Americas Columns

Upside: Elected FilAm women seek higher offices

First of 2 parts

CALIFORNIA Filipinas who have already broken the racial barrier in their political districts are banking on their success to reach higher office where only one man and no woman of Filipino descent has been elected.

Vallejo (California) Vice Mayor Rozzana Verder-Aliga in May launched her campaign to represent District 3 of the State Senate, uncharted by any FilAm.  The first FilAm woman elected in Solano County when she was elected to the Vallejo School Board in 1993, the now-longest serving Vice Mayor of Vallejo is facing another Filipino American, former West Sacramento Mayor Chris Cabaldon, for the post vacated by Sen. Bill Dodd of Napa. Dodd is among her endorsers.

Speaking at a panel discussion hosted July 10 by the Filipina Women’s Network aimed at mentoring women of Filipino descent for political service, Verder-Aliga preempted a similar announcement by fellow Filipina American Jessica Caloza.

Caloza is eyeing representation of Los Angeles in District 52 of the State Assembly, the chamber last occupied by her current boss Attorney General Rob Bonta, the first and still the only FilAm elected to the State Assembly and among her endorsers.

The first to speak among five panelists, Caloza, Bonta’s Deputy Chief of Staff, had teased that she would be “running for office very, very soon.”  An excited Verder-Aliga who spoke later did apologize for having “outed” the plans of the lifelong community organizer who identifies as a “first-generation immigrant.”

Verder-Aliga and Caloza rose to the political stage via disparate steps but expressed a common aspiration to give representation to their numerically dominant but “least represented” community and consistently referenced their Philippine heritage.


Quezon City-born Verder-Aliga was a teacher in the Philippines before moving to the United States in 1981 with her husband, retired US Marine Corps and Army Col. Nestor Aliga.  As a newcomer, she noted the Filipino voice missing from among policymakers in the public school system that prodded her run for a school board seat.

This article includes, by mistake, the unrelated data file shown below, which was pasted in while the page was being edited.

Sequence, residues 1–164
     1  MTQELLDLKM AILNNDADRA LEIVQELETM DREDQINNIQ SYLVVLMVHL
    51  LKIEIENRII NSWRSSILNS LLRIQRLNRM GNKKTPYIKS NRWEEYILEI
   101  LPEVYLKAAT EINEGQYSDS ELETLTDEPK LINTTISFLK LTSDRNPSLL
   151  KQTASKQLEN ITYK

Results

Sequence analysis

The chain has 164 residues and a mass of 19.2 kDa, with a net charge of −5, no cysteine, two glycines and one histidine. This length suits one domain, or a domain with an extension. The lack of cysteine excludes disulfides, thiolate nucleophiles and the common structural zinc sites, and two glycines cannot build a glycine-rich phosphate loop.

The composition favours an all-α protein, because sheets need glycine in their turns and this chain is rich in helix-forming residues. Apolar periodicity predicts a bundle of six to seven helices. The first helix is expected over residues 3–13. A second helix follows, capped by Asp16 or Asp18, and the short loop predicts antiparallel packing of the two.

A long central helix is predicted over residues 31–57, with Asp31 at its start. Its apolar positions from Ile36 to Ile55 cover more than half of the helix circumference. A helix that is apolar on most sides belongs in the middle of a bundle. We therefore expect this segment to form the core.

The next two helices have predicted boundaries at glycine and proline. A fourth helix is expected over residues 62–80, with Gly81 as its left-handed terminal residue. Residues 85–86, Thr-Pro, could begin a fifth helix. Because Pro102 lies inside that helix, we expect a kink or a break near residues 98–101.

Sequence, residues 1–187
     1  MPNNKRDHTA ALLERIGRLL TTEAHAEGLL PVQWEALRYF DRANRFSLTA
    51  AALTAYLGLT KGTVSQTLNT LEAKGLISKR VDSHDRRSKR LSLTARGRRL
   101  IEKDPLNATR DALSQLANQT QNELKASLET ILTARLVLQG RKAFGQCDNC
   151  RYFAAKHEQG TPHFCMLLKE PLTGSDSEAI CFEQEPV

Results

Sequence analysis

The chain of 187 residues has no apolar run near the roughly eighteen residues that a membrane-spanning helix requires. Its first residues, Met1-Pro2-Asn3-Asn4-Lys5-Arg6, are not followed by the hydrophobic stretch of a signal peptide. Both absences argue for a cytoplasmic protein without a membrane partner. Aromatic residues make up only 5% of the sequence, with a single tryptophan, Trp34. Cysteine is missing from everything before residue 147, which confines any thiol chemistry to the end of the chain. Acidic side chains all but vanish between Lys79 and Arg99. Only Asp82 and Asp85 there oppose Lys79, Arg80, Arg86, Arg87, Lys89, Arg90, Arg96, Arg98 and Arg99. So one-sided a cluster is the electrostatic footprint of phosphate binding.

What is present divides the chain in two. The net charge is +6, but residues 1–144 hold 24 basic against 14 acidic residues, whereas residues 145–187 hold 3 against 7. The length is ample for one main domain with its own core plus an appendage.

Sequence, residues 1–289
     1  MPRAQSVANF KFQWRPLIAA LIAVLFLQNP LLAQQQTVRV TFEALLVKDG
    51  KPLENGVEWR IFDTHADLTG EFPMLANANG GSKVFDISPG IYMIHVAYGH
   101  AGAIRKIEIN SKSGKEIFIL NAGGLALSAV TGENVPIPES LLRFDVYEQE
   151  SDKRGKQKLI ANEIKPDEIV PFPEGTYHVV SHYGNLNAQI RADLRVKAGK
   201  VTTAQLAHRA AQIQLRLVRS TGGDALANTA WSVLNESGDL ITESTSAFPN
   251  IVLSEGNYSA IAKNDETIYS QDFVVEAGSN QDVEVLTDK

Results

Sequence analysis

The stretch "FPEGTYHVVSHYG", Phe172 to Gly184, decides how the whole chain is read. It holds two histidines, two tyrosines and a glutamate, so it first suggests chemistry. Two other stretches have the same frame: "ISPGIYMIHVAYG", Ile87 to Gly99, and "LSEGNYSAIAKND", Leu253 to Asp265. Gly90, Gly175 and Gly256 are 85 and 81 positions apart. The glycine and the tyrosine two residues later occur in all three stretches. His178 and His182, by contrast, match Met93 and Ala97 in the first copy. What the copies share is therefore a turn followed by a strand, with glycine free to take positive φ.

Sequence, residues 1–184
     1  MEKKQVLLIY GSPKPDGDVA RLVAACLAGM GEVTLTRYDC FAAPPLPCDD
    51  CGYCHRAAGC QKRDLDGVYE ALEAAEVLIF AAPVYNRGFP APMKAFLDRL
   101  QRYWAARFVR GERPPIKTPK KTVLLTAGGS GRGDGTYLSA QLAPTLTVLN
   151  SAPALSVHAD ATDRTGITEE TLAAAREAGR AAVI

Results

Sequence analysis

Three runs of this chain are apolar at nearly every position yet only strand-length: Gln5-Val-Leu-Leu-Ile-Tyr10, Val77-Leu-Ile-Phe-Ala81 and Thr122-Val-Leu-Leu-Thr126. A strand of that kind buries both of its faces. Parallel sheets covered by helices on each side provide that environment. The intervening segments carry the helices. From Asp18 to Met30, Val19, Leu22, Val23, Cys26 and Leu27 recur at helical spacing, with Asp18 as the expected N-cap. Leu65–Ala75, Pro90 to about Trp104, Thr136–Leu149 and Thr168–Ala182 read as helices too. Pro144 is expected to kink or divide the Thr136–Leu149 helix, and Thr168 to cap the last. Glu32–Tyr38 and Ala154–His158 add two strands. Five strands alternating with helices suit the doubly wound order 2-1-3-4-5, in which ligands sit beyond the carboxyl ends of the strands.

“I was pregnant with my first (of two) sons while campaigning,” she told some 30 women from three continents at the virtual meeting.  Verder-Aliga boosted her credentials by returning to school to earn a doctorate in counseling psychology.  A licensed marriage and family therapist, she managed Solano County’s Behavioral Health Adult Outpatient Clinics, lending her expertise in efforts to address youth issues – gangs, teen pregnancy and parenting. In 2013 she opted to run for the Vallejo City Council, where she focuses on families and “equitable access to education, jobs and housing.”

Caloza had an early start in public service.  She was among 10 delegates to the Filipino Youth for Leadership program and has served on the board of KAYA Filipino Americans for Progress and the Philippine Humanitarian Coalition, according to the Los Angeles Filipino Association of City Employees.

Her political experience spans both state and national stages.  She was campaign aide in the reelection bids of former US Representative now Health & Human Services Sec. Xavier Becerra, former US Rep Mike Honda and Rep Albio Sires of New Jersey.

In 2012, she directed the Virginia field office to reelect President Obama, which led to her service as policy analyst in the Department of Education.  There she homed in on gender, student data and privacy issues.

Before coming to Sacramento, Caloza was director of scheduling for Los Angeles Mayor Eric Garcetti.  Garcetti appointed her to the Board of Public Works, making her the first FilAm woman commissioner providing oversight for 5,000 employees in the public works and engineering department.

Caloza called on FilAm women to “harness power at the ballot box” and rise to the challenge if they want to lead: “Be aggressive, be impatient for change, see yourselves as worthy of the title” they covet and be “responsible for …billions of taxpayer dollars by making policy decisions that impact families.”

Waiting is “no longer an option,” she warned, “otherwise we will remain vulnerable” instead of helping  resolve the “homeless and housing crisis, lack of good paying middle class jobs, an underfunded public education system, a climate emergency, (and) rampant gun violence,” her focus issues.


Health is a priority to Sofia Aragon not only because she is a registered nurse but also mayor of Burien, Washington, since 2020, and now candidate for King County Council.

Holder of three degrees – a BA in economics from University of Washington, BS in nursing from Seattle University and a law degree from Loyola University- Chicago, Aragon has the expertise to meet her goal for her town to be “a safe, healthy and inclusive place where my family and residents both new and old can call home for a lifetime.”

A former advisor to Washington Governors Locke, Gregoire and Inslee, she advised Filipinas seeking elective or appointed posts to “follow closely people with special skills” to develop their own “facilitation and relationship skills.”

She laments anti-Asian hate attacks and calls for the return to civility in political discourse.  “Let’s start by being civil and professional…set the tone conducive to problem solving.”  That’s what she intends to bring to King County, among progressive policies. – Adapted from original reprinted with permission from

To be concluded.